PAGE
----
Our Hypothetical Family
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Our Hypothetical Family
|Image Courtesy of Jeffrey M. Vinocur|
Today’s New York Times features a troubling story about a hospital that allowed reality TV camera crews to film Mr. Mark Chanko, a trauma patient’s dying moments after he was rushed to the hospital after being struck by a truck. The hospital acted without Mr. Chanko’s consent, and never notified his family that Mr. Chanko’s death was filmed, or might be broadcast on television. One night, completely unexpectedly, his wife, Mrs. Anita Chanko, was distressed to hear her deceased husband’s anguished voice crying out in his final moments, on an ABC reality show. The couple’s daughter, Pamela, who also saw the show, suffered emotional distress after witnessing the graphic details of her father’s gruesome death.
The Chanko family sued the hospital and ABC, but has faced an uphill battle in court. Recently, the family’s case was thrown out at the appellate level. A key defense for the hospital has been that the patient was not identifiable to the public because his face was blurred out, and that in any event, his privacy rights were extinguished upon his death. Further, the defendants are asserting that the First Amendment protects their free expression of the patient’s dying images.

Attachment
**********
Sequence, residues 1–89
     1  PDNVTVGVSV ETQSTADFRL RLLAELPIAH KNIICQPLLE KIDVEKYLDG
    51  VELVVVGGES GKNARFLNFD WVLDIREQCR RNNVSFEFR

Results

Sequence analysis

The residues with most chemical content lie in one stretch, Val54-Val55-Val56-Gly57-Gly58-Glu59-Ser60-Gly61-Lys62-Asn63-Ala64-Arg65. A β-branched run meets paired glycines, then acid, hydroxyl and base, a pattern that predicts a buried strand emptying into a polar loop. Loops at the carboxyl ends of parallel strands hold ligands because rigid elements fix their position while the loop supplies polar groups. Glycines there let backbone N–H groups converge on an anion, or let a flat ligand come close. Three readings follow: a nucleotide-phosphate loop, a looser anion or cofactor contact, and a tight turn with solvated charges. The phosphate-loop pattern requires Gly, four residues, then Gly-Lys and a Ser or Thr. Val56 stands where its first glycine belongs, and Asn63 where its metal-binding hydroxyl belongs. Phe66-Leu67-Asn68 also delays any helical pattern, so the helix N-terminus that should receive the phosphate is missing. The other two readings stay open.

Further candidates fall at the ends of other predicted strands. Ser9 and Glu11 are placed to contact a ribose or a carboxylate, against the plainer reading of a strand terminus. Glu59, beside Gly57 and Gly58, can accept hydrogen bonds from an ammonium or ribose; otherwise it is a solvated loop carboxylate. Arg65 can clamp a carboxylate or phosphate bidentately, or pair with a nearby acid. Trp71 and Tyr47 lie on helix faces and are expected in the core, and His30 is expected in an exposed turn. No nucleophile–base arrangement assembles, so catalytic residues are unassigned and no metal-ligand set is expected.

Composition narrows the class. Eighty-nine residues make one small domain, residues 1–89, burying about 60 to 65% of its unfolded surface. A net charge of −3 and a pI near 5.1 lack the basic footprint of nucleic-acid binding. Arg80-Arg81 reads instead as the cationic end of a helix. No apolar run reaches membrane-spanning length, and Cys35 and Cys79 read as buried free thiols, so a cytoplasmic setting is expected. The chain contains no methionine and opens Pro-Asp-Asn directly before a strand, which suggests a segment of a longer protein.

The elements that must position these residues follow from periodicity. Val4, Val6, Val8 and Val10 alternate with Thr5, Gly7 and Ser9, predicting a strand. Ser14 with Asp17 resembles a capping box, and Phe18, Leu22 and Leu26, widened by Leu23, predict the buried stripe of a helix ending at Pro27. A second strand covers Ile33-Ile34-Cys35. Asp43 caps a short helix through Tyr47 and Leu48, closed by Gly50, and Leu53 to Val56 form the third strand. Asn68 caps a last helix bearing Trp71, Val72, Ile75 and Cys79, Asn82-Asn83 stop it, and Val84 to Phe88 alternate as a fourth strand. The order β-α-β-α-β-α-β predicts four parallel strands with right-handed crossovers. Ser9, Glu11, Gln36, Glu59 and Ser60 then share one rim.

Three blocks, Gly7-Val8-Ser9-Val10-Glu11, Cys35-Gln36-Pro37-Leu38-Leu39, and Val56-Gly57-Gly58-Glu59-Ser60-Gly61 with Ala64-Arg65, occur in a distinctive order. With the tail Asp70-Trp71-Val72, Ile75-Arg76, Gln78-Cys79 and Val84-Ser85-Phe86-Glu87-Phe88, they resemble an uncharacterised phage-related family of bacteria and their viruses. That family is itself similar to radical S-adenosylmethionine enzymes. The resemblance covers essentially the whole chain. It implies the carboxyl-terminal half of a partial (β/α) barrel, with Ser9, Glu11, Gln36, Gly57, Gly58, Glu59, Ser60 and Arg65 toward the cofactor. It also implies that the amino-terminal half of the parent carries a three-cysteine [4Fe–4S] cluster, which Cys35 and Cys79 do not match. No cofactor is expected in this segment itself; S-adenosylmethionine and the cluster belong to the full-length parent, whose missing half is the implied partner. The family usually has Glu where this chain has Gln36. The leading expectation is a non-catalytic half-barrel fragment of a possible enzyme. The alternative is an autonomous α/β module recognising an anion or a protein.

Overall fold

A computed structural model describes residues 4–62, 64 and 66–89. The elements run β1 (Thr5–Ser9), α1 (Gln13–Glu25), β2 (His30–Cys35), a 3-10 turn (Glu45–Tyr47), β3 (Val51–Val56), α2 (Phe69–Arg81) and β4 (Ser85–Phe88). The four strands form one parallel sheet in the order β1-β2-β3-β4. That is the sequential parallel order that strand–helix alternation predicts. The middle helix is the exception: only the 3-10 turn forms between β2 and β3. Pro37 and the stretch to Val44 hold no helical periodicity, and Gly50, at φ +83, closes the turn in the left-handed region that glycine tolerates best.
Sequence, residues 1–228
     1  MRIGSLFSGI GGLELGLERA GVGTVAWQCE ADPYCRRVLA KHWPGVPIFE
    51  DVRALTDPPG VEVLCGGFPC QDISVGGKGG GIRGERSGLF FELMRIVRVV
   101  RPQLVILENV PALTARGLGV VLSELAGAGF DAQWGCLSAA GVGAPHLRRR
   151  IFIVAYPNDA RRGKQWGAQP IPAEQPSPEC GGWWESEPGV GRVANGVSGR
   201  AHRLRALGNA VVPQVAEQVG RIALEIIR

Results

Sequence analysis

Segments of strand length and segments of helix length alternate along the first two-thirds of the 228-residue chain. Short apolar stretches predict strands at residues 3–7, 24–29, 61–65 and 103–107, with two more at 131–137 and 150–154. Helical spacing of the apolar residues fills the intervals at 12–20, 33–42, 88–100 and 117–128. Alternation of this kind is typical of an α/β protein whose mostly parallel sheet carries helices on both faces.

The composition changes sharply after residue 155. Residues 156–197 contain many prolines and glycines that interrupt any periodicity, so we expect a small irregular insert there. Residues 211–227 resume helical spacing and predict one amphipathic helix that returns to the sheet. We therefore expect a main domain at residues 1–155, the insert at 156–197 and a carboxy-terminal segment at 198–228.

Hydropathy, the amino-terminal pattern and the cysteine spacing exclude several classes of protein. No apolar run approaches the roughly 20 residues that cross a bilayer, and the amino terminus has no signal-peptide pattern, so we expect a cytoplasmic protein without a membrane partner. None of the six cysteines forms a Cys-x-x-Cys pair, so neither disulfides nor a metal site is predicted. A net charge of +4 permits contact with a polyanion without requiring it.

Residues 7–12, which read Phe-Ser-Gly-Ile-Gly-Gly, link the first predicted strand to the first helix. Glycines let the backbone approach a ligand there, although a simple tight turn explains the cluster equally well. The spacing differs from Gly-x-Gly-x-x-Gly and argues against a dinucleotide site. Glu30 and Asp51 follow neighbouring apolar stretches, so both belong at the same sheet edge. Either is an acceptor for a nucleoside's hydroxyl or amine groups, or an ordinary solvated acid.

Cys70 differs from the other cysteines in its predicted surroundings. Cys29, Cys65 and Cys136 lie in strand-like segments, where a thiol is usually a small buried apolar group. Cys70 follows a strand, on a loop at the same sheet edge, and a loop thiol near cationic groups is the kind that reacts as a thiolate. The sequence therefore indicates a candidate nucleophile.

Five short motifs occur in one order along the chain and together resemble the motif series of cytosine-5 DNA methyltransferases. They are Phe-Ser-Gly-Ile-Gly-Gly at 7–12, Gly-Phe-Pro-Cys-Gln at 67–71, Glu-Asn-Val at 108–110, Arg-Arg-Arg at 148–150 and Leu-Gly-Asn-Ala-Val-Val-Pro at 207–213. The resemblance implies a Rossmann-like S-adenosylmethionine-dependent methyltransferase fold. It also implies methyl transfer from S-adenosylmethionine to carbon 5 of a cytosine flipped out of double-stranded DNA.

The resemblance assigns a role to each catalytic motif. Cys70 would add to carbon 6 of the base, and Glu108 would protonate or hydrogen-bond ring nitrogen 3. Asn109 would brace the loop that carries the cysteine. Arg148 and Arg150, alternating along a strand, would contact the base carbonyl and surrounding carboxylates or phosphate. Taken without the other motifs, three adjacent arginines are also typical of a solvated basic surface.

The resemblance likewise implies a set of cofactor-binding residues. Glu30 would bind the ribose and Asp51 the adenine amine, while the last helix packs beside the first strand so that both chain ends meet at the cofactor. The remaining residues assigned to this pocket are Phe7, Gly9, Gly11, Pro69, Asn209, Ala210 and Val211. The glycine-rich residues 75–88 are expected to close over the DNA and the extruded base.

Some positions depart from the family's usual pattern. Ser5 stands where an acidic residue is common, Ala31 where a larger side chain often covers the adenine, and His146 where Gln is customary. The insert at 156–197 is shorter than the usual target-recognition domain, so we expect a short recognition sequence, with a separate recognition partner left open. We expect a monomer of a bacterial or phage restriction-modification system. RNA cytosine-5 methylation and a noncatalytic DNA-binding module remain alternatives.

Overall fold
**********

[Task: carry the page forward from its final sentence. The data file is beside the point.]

|Courtesy of Mediaphoto.org|
Virtually all parents have at some point worried about their children’s future choices in life, whether they be educational, career-related, or moral. This article will describe how some parents use “incentive trusts” to try to nudge their children toward a certain path in life, long after the parents are in the grave.
There is no question that a large inheritance can transform a young person’s life, positively or negatively. Bill Gates and some other tycoons from his generation are so concerned about the potential of a large inheritance to destroy their children’s will to work, that some are severely limiting the size of their children’s inheritance, giving the majority of their fortunes to charity. But it is not just technology billionaires that have to worry about the effect of a sudden windfall of money for their children.
Even an inheritance of $100,000 could be a lot for a 19-year old to handle all at once. This money, put to good use, could fund a college education or provide capital to start a new business. On the other hand, it could also be used to for an expensive car, luxury handbags, or even drugs. In this way, the money could actually stunt a young person’s development, rather than assist it.